Turning concern into action
While price may be the biggest barrier to some consumers buying sustainable products, others are happy to dip further into their pockets to help protect the planet. The most prominent sustainability-related features that people were most willing to pay extra for were:
- Packaging made from recycled materials (34%)
- Looking after animal welfare (31%)
- Using renewable sources of energy (30%)
- Reducing water and soil pollution (30%)
Almost six in ten (59%) would pay more for at least one of these four features.
One of the most important findings in the research is that consumers who care about sustainability want those who create and regulate the products that they’re buying to take action on their behalf. People don’t want to have to research the sustainability of all the different items on their shopping list and more than half of our respondents (56%) said they need more information to help them make sustainable choices when they shop. “We’re seeing brands and retailers have greater success when consumers not only trust that they’ve taken authentic, responsible action,” says Ward, “but then they’ve made it easy for consumers to use their purchasing power to do the right thing.”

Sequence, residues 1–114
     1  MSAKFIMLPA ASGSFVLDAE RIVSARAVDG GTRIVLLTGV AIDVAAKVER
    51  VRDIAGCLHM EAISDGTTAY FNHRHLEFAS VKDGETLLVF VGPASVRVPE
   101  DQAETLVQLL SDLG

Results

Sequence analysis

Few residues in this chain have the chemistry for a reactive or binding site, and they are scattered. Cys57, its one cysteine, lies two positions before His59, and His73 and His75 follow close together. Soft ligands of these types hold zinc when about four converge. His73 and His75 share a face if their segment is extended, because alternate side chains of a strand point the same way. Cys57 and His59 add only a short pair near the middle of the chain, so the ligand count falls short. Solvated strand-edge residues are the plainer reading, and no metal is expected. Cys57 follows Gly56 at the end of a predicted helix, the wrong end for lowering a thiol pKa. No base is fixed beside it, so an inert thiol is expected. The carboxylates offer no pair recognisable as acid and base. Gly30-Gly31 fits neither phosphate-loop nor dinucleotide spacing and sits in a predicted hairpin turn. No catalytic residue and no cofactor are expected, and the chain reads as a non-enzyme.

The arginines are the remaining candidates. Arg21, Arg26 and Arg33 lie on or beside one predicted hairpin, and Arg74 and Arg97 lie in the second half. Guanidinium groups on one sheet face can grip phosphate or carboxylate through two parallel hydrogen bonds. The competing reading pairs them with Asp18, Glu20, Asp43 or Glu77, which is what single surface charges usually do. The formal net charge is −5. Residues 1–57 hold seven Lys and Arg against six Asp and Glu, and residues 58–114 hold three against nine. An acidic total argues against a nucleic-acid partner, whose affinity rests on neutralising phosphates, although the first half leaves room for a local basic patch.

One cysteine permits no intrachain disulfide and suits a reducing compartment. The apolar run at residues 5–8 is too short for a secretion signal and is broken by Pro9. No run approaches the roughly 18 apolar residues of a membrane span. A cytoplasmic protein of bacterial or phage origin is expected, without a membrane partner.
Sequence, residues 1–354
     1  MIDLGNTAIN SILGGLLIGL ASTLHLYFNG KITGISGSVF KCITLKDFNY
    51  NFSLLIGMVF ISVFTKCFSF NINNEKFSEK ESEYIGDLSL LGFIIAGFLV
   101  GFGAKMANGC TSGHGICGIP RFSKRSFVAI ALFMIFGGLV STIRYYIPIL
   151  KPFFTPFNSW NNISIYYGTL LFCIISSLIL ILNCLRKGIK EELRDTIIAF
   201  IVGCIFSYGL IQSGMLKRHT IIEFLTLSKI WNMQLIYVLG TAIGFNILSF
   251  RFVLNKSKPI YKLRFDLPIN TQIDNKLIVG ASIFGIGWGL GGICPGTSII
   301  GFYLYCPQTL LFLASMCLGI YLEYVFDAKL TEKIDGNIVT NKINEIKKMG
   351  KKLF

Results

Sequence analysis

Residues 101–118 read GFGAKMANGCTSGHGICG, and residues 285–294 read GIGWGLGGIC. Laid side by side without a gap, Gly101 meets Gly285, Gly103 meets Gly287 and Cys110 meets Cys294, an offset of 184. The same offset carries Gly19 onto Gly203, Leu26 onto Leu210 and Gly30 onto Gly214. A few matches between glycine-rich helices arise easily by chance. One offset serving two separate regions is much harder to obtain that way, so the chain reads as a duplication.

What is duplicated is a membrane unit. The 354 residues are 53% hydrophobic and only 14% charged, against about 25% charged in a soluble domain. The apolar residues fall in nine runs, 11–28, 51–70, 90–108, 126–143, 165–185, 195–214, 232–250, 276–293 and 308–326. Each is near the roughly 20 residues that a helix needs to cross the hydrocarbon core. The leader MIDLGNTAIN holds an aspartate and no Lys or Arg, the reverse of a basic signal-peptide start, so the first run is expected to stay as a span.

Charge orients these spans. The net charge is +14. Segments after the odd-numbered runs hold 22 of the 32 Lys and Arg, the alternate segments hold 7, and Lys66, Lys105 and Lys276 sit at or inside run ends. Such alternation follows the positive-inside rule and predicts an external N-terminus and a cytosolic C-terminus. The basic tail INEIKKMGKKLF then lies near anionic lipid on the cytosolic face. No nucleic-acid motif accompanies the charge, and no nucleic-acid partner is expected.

A lack of clear, simple information is a key hurdle for consumers. While 79% say sustainability is at least somewhat important when making a purchasing decision, only two in five are prepared to figure out a product’s environmental impact for themselves.
Rather than being influenced by the opinions of family or friends, our Index found that a sustainability score on the label was the most likely factor to tip a purchasing decision. While some appliances have power or water usage star-ratings to indicate comparative performance, “the absence of easy-to-understand overall sustainability markers or labels makes it difficult for consumers to make an informed choice and for companies to make trusted claims,” says Fricke. “Transparent and robust scoring for sustainability is a clear gap in the market but it’s a hugely complex task and the challenges can’t be understated. Nevertheless, there are demands coming from consumers and companies need to find a solution to meet that demand.”
The Index showed that more than two in three consumers said companies must act as leaders in driving positive social and environmental outcomes, including ensuring all their suppliers meet high standards in social and environmental practices. Asked to choose the top three issues that brands should prioritise from the 17 UN Sustainable Development Goals (a set of global social and environmental issues that include ending poverty and combatting climate change), the clear frontrunner was the responsible production and consumption of goods and services, followed by decent work and economic growth, investment in industry, innovation and infrastructure, and combatting climate change.